I personally think that many cities in Colorado are great places to live and the state, for the most part, is trans friendly. Yes, we have discrimination here – and hate crimes.
But a jury in Greeley, a relatively rural town about an hour north of Denver, brought back a historic hate crimes verdict in the murder of trans woman Angie Zapata. And the prosecutor on the case, Ken Buck, who fought for that verdict and made it a point to learn about trans people along the way, is a conservative Republican now running for the U.S. Senate.
Our statewide employment non-discrimination act (ENDA) and our public accommodations law cover trans people. We have one of the oldest gender centers in the country. And Colorado Springs is one of the first cities in the country to require training on transgender issues for its city workers, starting with the police department (thank you, Nancy-Jo and Crystal Ann).
I’ve lived in Denver for 20 years and will probably stay here the rest of my life. But if I had to move out of Colorado for whatever reason, here is what I would look for when considering where to live:
> An urban area: Obviously, large cities have more diverse populations and tend to have more progressive and open-minded residents. But not everyone is progressive and open-minded, and certainly, in a large city, there is more opportunity to be victimized – for being trans or just for being in the wrong place at the wrong time.
> Trans-friendly laws: Anti-discrimination laws in housing and employment are great things to have, and they reflect either the direct will of the voters or the will of the politicians put into office by the voters. They will not necessarily protect you from covert discrimination, however. If an employer wants to fire you for being trans, he or she will find another (legal) reason, and discrimination is hard to prove. But they will protect you from overt discrimination, and hopefully make employers or landlords think twice before firing you or kicking you out.
> A gender center or trans-friendly resources: Is there a specific center for trans people? If not, do the local “LGBT” organizations have programs for trans people, or is the “T” reflected in the organization’s title only?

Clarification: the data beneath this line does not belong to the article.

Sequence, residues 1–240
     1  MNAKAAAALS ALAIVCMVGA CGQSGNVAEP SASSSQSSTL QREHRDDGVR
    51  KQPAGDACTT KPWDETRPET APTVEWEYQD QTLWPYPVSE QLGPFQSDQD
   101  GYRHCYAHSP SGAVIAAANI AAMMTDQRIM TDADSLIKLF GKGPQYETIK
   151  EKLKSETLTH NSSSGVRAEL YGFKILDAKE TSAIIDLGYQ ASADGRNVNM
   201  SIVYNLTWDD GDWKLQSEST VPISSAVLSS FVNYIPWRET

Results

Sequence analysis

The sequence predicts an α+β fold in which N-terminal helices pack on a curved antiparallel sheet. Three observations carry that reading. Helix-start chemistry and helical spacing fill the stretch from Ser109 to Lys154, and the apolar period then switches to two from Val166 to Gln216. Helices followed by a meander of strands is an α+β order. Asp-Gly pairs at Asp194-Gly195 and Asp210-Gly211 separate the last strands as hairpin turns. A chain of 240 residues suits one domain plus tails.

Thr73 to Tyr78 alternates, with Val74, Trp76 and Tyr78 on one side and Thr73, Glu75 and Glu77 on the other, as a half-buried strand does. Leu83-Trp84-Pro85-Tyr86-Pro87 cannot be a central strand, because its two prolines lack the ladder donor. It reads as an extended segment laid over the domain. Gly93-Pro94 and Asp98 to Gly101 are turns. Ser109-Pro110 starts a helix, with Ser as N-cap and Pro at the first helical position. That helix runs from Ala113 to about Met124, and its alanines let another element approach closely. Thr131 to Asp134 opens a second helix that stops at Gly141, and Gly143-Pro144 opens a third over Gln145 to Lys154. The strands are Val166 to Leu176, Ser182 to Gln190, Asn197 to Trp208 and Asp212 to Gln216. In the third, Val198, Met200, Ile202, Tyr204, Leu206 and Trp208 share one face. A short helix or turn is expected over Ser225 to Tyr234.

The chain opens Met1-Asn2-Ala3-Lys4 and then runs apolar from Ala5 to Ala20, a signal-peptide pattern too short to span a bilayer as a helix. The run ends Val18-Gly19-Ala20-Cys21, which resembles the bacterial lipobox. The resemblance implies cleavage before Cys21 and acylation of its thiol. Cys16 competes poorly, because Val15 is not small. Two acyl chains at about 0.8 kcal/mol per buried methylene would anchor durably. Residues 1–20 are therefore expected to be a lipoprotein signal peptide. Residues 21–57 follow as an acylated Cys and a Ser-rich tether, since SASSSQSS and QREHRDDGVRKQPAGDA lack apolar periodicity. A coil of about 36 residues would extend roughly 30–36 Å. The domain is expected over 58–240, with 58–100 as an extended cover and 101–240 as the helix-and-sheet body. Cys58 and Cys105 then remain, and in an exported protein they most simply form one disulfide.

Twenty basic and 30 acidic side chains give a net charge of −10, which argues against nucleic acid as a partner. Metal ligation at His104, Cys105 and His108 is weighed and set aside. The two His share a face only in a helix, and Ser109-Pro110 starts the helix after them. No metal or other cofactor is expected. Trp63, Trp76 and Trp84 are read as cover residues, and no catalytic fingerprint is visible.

> A solid and active trans community: You don’t have to hang out with them, but if there is one, it demonstrates that trans people find the city worth living in – and okay to be out in. Denver, Colorado Springs, Seattle, Portland, Boston, Atlanta, San Francisco, New York City, L.A., and D.C. are just some of the places I’m familiar with that have strong trans communities.
> Non-trans-specific features that are attractive: I wouldn’t move to an area I didn’t like just because of the trans community. If you like the ocean, look at a seaside town. If you like the mountains, look for mountains nearby. Look for things that are a good fit for your specific personality and lifestyle.
Okay, readers – what other things should a trans person look for when considering a move? And what specific locations would you recommend?
[Note: It is with a heavy heart (and a stressed-out head) that I must change my posting schedule for a while. When it rains, it pours, and I suddenly got slammed with freelance assignments that I must complete in addition to my day job. This is a good thing – I need the money. But it means I will be working nights and weekends. So I am temporarily returning to my old posting schedule of Mondays and Thursdays. Please don't forget me – I'm still here (and very grateful to have work and to have readers).]